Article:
USDA Plans Farm Rec Program WASHINGTON (AP) - The Agriculture Department intends to use a newly announced farm recreation program as a fact­ finding device next year to explore the possibilities of opening up more rural land to city dwellers. The program, announced last Sunday by Agriculture Secretary Earl L. Butz ( will involve some 5,000 farms in 50 counties of 10 states. The states are Colorado, Indiana, Iowa, Louisiana, Michigan, North Dakota, Oklahoma, Oregon, Pennsylvania and South Carolina. Officials said Wednesday the 50 counties are expected to be designated in "three or four weeks" after consultations with state Agricultural Stabilization and Conservation Service committees and wildlife officials. Costs of the program, emphasized as experimental, will be about $1.5 million next year, or an average of $300 per farm. Recreational activities to be considered are hunting, fishing, hiking and fur trapping. In response to questions, the ASCS said "several kinds of farmer-government agreements will be tested. We don't know at this time which counties in which states will be selected for which type of testing program." Although the agency did not have firm commitments, some possibilities were offered: — "A county may announce agreements on a bid basis. Farmers themselves will determine what they think their land is worth for recreational purposes. This could vary a great deal from the land's worth for cropping purposes. — "A county may make a flat offer for land which producers may accept or reject, or not even consider at all. — "A county may be selected to test agreements based on whole farm participation." Further, the ASCS said, a county could be selected for testing offers to make parts of Government Spying on Compliance WASHINGTON (AP) - Government watchdogs are sniffing closely to see whether farmers are complying with federal rules built into Agriculture Department crop programs for feed grain, cotton and wheat. Besides samplings by the Agriculture Stabilization and Conservation Service, the agency which handles the programs, further checks are being made by the Office of Inspector General in USDA and by the Gen­ eral Accounting Office, an in­ vestigatory arm of Congress. The ASCS announced a month ago a farm-by-farm check of program compliance in three counties to see if farmers were idling average quality land in return for government price support and "set-aside" payments. Those counties were: Kern County, Calif.; Twiggs County, Ga.; and Woodbury County, Iowa. In addition, the GAO is conducting a cross-section check of farms nationally to see how the $55,000 payment lid worked in 1971, the first year of operation, and to what extent super-size farms may have been split up into smaller units to evade the law. That report is not expected to be completed before next April 1. One of the main focuses is on Kern County, Calif., which has some of the nation's wealthiest farms. It also is home base for Kenneth E. Frick, administrator of ASCS, the agency which handles the subsidy programs. Frick's holdings, now held in trust and operated by his brother, are included in the Kern County investigations. Charles M. Cox, an assistant deputy administrator in ASCS, told newsmen Wednesday investigators turned up 486 farmers in Kern County where alleged set-aside land violations have occurred. There are 1,190 farms in the county, he said. The Frick holdings were Butz Becomes Political Ploy ^.^SSHSES J the basis of land taken from production not being of corn- farming," Muskie told the NFO parable quality to land used to in Kansas City. grow crops, in this case cotton. Butz, who had read a copy of WASHINGTON (AP) - Agriculture Secretary Earl L. Butz has burst onto the 1972 political scene as the key downfield blocker in President Nixon's race through the farm belt. Charges that the administration is against small farmers and for huge, corporate interests will be challenged with a bang, not a whimper. Butz, 62, says he's a fighter and likes to punch. Moreover, Butz said in an interview, he will stump the farm belt on behalf of Republican candidates "on our team" in 1972. Butz said he expects 1972 to be a lively scrap for the hearts and votes of rural America. An example of the fray ahead was signalled recently by Sen. Edmund Muskie, D-Main, who told a National Farmers Organization audience Nixon "has turned his back" on farmers. "Earl Butz stands for factory buying, which drives merchants out of business, small towns out of existence and families out of When it is proved a farmer has set aside lower-quality land, the USDA can reduce his payments proportionately. No final disposition has been made in Kern County, and investigators from the Office of the Inspector General in USDA are looking into the situation further. Settlements have been made in the other two counties, however. In Woodbury County, Iowa, some 800 farms were checked with the result of 12 having payments reduced for not meeting the set-aside requirements, and one had its payments canceled. After checking 189 farms in Twiggs County, Ga., 13 farmers had payments cut because of not meeting the set-aside rule. USDA Says Concern over Nitrates Not Justified WASHINGTON (AP) - A new report published by the Agriculture Department says public concern over nitrates in the nation's food supply and the chemical's effect on the environment is not justified. Nitrates are compounds which occur in nature, including manure from wildlife, domesticated livestock, humans themselves and in commercial fertilizers put on land to boost crop production. They also can filter into ground supplies of water. Environmentalists in recent years have expressed alarm over rising use of chemical fertilizers and accumulations of manure in large feedlot operations. "Our evaluation of the available information on nitrate in soil water foods and feeds is that the potential for nitrate accumulation does not pose a threat of an environmental crisis," the report said. It was published by the Agricultural Research Service and written by Frank G. Viets Jr., an ARS soil scientist; and Richard H. Hageman, professor of agronomy, University of Illinois. The report said there is no indication of "widespread upward trends" of nitrate in food, livestock feed and water. "Contrary to opinions expressed by environmental alarmists and lay opinion, the enhanced use of inorganic nitrogenous manmade fertilizers has not led to increases in nitrate of foods and feeds," the scientists said. Moreover, the report said, much of the natural nitrogen or "N" in crop land has been used up or severely depleted, thus forcing farmers to replace it artificially. "The 'balance of nature' can be better restored by using higher rates of *N' fertilizer than by using less," the report said. However, the scientists said "every facet" of the nitrate problem needs further investigation. Curb Abuses On Payments WASHINGTON (AP) - New Rules designed to curb abuses of the $55,000 limit on federal payments to farmers will become effective Jan. 1, the Agriculture Department says. The new rules require all members of a farm partnership receiving crop subsidies to be "actively engaged" in farming. The rules also tighten ownership requirements for member of a corporate farm venture getting federal payments. The new regulations come In the wake of congressional charges that big farmers frequently carve up holdings through partnerships and corporate arrangements to avoid the $55,000 per crop limit to single farmers and corporations. The limit was adopted by Congress in 1970 in the latest of two decades of crop-control efforts by the federal government. The government, in effect, pays farmers to grow less than they normally would, or in some cases to grow nothing in order to avoid a glutted market and subsequent low crop prices. Investigations into the alleged abuses of the subsidy program currently are being conducted by bom the Agriculture Department and the General Accounting Office. the Muskie speech, said such claims were "totally wrong" and that farmers would be the judges of Nixon policies. Butz says the opening gun of the 1972 political campaign in the farm belt was sounded during the stormy Senate debate over his nomination as successor to Clifford M. Hardin, Nixon's first secretary of agriculture. During the debate, which ended with Butz being narrowly approved by the Senate on Dec. 2, the former Purdue University economist was chastised for past connections with agricultural business firms. Butz said that while at Purdue he worked with farmers of every size and stripe: large and small, poor and well-to-do. "And I also worked with those concerns that supply farmers with products they use in production and that process and merchandise their products," Butz added. There is concern about low corn prices following the record 1971 crop, Butz admitted. But prices of most livestock are on the upswing, dairymen are in good shape and there are "many bright spots" in agriculture. See 'Rosier' 1972 For U. S. Farmers farms available or in combination with entire farms opened for recreation. "At this time we don't know the ground rules or how rates of payment to farmers will be worked out," the ASCS said. "In every case, basic to the agreement, will be participation in a set-aside program." Would a farmer who already Is leasing part of his land to a private gun club, for example, be eligible for payments in the experimental program as long as he signs up in the 1972 set- aside program? "If the county is approved for part-farm agreements, the farmer will have the right to designate which acreages are in the agreement," the ASCS said. However, officials said, on a realistic basis some "major administrative problems" could develop if the private gun club acreage is next to public access land. In such cases, the agency said, farmers probably would be reluctant to participate and county ASCS committees probably would hesitate in accepting it under such conditions. Ck Tke/ FOWJ ESTHERVILLE DAILY NEWS, THURS., DEC. 30,1971 Page 3 More Farmers Find Work in Factories DES MOINES— An increasing number of Iowa farmers are going to work in factories, or elsewhere, to supplement their farm incomes. Latest figures, which are for 1969, show that 23 per cent of the Iowa farmers had nonfarm jobs, to Emmet County 19 per cent of the farmers work off the farm 100 or more days. Nationally two out of three farmers receive over half their annual income from off-farm sources. to its monthly review, Business Conditions, the Federal Reserve Bank of Chicago, said the importance of off-farm employment is underlined by the fact mat in 1970, for the first time on record, farm earnings of U. S. farmers amounted to less than their off-farm earnings; $15.9 billion from farming, $17 billion from non-farm sources. The strong rise in off-farm employment during the 1960s is traceable in large part to the rapid growth of the nation's non- farm economy which provided an abundance of good paying jobs. But even more important, says the bank, are mechanization and the technological breakthroughs that cut deeply into the time it takes to operate a farm efficiently. The rapid increase in off-farm employment of farm operators In the states of the seventh district is indicated by data collected in the 1969 census of agriculture and only recently pub­ lished. Farm operators in district states (Wisconsin, Illinois, Indiana, Michigan and Iowa) working 100 days or more off the farm rose from just over 25 per cent of all farmers to nearly 38 per cent between 1959 and 1969. to the highly industrialized state of Michigan, the proportion of farmers working off the farm rose from 42 to 52 per cent. In Iowa, the porportion of farmers working off farms over 100 days rose most rapidly — Increasing from 14 per cent In 1959 to 23 per cent in 1969. Farm women, like their urban counterparts, became more active in the labor force. About 38 per cent of all farm women were either working or seeking work in 1970, compared to 30 per cent in I960. By contrast, the proportion of farm men in the labor force dropped from 85 per cent to 80 per cent between 1960 and 1970. The decline in male participation, in part, reflects the rising proportion of farm men reaching retirement age during this period. Chinese Produce Fewer Soybeans WASHINGTON (AP) - China watchers in the Agriculture Department say soybean production by Red Chinese farmers appear to be running less than one-fourth of U.S. output. (Farm Number 31) WASHINGTON (AP) - The Agriculture Department Is holding to earlier predictions 1971 net farm income will be "close" to last year and that farmers can expect a rosier 1972. The appraisal was included Monday in a report by the Economic Research Service on the "demand and price situation" for agricultural products. During the third quarter, the report said, net farm income was at an annual rate of $16.3 billion, compared with $14.8 billion during April-June and $14.6 billion last January-March. "But because of smaller returns earlier this year," the ERS said, "net farm income for calendar 1971 may approximate the $15.7 billion earned in 1970." Price gains are expected to continue "well into 1972" for meat animals, dairy products, poultry and eggs, the report said. "Record crops and greater livestock output, coupled with firm demand, are brightening the agricultural picture a little. With weather conditions good and little damage of corn blight, this year's crops are record large. Bumper crops are bringing increased crop mar­ ketings and lower feed prices," the report said. "Prospects are for better farm receipts and net income for next year," the ERS said. "Grain prices are under pressure but larger feeding rates (more grain fed to animals), increased marketings, heavier price support loan activity, and the recently announced 1972 feed grain program may help ease this impact of over-abundant crop supplies," the report said.. Further, the ERS said, farmers can look forward to a slower rise in expenses. There was no prediction on 1972 net farm income, however. MYSTERY FARM 1 OF-THE-WEEK LAND BANK FARM LOANS Kossuth, Clay, Dickinson, Emmtt, Palo Alto counties Long term — Low cost No prepayment penalty 'I acef U 1 may your New Year be a bountiful one, filled with peace and rich in contentment, happiness and glowing health. May each of its days bring more joys than the one before. As the excitement of a New Year begins, let us express a warm feeling of appreciation for your generous support, and pledge our efforts to merit your continued confidence. Happy New Year From The Directors, Officers And Staff Of The Iowa Trust DIRECTORS: Sleo E. Fitzgibbons |Mrs. Paul Gray "Hugh S. Greig CAN YOU IDENTIFY THIS MYSTERY FARM? 4 Owner or tenant of above farm will receive a free 8x10 photo of it by stopping in at EMMETSBURG W. Hwy. 18 Ph. (712) 853-2645; Box 75 Field officesi Spencer, Wednesday A.M. Algona, Thursday A.M. See Eugene Hutchins, Bob Reel or Helen Haas ESTHERVILLE FEDERAL SHINES 121 NORTH SIXTH STREET and Loan Association ESTHERVILLE, IOWA 51334 Jno. E. Greig (Honorary) John M. Greig C. E. Miller F. T. Shadle George H. Shadle D. V. Sunde OFFICERS: I \ F. T. Shadle, President \ George Shadle, Exec. Vice-Pres. \ and Trust Officer i D. V. Sunde, Vice-Pres. 5 Harald Petersen, Vice-Pres. Myron Lund, Vice-Pres. Verlyn Vedder, Cashier Vaughn Brua, Assist. Cashier Gladys Nelson, Assist. Cashier and Agricultural Rep, Each depositor Insurad to •8OO0O FDI€ HMIM OfFOOT INIUMMCI CMPOtMIOM Iowa Trust & Savings Bank "Your Friendly, Family Bank" i .J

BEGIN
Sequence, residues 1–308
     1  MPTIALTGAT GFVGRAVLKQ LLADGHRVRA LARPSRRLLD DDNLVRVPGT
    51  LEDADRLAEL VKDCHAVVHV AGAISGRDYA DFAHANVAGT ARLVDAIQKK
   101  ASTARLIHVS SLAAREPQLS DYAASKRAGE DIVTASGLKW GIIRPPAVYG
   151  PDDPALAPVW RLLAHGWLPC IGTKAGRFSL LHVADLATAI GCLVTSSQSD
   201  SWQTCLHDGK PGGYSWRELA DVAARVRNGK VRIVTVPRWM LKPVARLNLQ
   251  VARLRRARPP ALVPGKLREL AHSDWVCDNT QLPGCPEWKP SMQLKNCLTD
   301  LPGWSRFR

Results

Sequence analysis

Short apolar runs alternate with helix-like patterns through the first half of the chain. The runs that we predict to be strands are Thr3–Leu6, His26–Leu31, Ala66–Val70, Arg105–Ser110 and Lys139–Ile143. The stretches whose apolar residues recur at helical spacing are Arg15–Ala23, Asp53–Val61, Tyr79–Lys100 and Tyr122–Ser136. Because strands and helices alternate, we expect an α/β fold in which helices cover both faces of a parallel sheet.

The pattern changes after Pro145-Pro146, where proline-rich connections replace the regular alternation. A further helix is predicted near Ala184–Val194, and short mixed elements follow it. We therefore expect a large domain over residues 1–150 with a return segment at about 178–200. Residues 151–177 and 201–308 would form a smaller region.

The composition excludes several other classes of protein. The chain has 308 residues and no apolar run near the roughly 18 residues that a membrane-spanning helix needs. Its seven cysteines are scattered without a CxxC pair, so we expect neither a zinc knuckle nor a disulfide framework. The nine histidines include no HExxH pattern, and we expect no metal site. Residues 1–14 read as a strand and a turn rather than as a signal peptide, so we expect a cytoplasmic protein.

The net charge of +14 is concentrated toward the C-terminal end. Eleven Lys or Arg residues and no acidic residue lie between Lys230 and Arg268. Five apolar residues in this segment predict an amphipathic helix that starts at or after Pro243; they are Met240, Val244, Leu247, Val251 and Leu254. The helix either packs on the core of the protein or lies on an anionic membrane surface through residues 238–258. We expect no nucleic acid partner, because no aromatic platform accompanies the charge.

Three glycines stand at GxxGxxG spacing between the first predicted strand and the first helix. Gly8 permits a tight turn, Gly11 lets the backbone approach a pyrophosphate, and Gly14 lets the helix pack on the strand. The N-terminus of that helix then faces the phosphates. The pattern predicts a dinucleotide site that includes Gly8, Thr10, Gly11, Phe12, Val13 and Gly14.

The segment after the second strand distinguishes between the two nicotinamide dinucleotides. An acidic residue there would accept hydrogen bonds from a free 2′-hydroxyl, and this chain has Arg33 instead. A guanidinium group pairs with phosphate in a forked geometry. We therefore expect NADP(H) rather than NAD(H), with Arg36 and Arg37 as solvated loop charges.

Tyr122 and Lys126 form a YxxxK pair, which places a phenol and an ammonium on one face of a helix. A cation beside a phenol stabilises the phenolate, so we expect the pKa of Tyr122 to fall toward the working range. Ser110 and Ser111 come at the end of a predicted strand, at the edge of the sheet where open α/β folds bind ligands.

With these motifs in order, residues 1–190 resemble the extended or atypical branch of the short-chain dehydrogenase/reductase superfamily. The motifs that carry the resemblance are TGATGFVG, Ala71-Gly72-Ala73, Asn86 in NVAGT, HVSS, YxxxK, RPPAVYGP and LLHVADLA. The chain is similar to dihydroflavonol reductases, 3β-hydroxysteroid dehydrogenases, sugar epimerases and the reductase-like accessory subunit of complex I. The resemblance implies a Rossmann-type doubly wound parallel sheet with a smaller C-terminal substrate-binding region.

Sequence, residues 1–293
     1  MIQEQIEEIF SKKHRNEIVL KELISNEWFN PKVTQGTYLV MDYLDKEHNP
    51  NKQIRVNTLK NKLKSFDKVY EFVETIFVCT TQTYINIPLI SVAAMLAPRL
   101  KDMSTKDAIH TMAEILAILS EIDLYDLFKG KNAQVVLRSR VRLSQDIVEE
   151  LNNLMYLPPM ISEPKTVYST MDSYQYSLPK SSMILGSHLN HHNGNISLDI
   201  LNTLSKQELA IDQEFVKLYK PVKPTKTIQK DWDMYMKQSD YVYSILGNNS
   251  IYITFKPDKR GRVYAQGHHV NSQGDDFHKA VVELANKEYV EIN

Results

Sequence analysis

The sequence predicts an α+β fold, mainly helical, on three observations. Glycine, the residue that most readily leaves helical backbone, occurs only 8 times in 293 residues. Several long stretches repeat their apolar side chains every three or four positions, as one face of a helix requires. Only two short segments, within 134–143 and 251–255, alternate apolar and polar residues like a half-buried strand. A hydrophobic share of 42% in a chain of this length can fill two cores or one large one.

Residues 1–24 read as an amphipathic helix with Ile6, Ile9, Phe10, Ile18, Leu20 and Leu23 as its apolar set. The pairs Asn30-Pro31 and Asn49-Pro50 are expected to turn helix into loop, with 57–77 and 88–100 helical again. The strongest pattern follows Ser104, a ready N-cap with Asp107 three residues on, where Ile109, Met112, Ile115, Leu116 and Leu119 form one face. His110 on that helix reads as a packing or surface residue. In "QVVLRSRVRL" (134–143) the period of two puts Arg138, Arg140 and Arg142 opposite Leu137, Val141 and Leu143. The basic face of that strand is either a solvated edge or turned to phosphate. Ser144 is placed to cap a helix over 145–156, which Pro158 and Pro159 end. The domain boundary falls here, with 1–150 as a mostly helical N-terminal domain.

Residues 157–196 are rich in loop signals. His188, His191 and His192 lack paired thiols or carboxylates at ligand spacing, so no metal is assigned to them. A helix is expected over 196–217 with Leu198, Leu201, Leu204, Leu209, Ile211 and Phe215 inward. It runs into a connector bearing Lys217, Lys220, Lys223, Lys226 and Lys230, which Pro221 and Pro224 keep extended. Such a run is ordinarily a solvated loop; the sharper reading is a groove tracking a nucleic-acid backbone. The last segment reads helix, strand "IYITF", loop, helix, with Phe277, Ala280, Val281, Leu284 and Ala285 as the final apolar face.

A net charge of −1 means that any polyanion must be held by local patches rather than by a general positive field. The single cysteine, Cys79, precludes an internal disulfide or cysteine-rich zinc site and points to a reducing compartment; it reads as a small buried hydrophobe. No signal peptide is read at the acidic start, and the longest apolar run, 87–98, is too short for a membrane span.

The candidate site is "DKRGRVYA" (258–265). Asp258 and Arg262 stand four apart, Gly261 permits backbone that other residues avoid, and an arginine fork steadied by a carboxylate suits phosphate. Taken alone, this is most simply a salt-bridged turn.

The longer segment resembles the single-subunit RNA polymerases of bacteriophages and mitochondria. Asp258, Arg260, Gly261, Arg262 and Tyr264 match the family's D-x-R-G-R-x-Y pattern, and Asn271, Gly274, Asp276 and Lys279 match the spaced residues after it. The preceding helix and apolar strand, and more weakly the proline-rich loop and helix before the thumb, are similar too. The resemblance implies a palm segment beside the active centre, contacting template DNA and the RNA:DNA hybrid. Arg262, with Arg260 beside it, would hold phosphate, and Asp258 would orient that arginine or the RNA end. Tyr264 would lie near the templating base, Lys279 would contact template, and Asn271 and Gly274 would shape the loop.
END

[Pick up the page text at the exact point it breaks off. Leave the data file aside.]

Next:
What members have found on this page

Get access to

  • The largest online newspaper archive
  • 11,100+ newspapers from the 1700s–2000s
  • Millions of additional pages added every month

Try it free